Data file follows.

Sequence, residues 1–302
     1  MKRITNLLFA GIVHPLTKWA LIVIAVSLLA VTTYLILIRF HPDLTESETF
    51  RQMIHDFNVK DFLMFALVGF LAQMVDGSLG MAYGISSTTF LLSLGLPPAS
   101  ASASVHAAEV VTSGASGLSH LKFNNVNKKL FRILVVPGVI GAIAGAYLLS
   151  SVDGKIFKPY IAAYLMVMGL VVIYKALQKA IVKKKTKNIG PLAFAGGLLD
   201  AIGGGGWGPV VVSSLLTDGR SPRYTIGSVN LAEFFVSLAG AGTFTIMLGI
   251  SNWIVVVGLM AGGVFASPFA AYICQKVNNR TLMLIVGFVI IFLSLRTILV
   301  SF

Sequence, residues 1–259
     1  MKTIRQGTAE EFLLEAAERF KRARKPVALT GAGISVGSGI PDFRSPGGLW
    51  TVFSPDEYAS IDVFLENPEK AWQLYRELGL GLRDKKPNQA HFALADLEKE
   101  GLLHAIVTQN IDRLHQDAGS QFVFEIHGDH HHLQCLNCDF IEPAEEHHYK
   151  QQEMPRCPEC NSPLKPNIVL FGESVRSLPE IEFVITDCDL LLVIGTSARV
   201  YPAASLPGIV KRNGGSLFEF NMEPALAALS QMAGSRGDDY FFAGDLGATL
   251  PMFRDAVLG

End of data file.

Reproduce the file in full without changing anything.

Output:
Sequence, residues 1–302
     1  MKRITNLLFA GIVHPLTKWA LIVIAVSLLA VTTYLILIRF HPDLTESETF
    51  RQMIHDFNVK DFLMFALVGF LAQMVDGSLG MAYGISSTTF LLSLGLPPAS
   101  ASASVHAAEV VTSGASGLSH LKFNNVNKKL FRILVVPGVI GAIAGAYLLS
   151  SVDGKIFKPY IAAYLMVMGL VVIYKALQKA IVKKKTKNIG PLAFAGGLLD
   201  AIGGGGWGPV VVSSLLTDGR SPRYTIGSVN LAEFFVSLAG AGTFTIMLGI
   251  SNWIVVVGLM AGGVFASPFA AYICQKVNNR TLMLIVGFVI IFLSLRTILV
   301  SF

Sequence, residues 1–259
     1  MKTIRQGTAE EFLLEAAERF KRARKPVALT GAGISVGSGI PDFRSPGGLW
    51  TVFSPDEYAS IDVFLENPEK AWQLYRELGL GLRDKKPNQA HFALADLEKE
   101  GLLHAIVTQN IDRLHQDAGS QFVFEIHGDH HHLQCLNCDF IEPAEEHHYK
   151  QQEMPRCPEC NSPLKPNIVL FGESVRSLPE IEFVITDCDL LLVIGTSARV
   201  YPAASLPGIV KRNGGSLFEF NMEPALAALS QMAGSRGDDY FFAGDLGATL
   251  PMFRDAVLG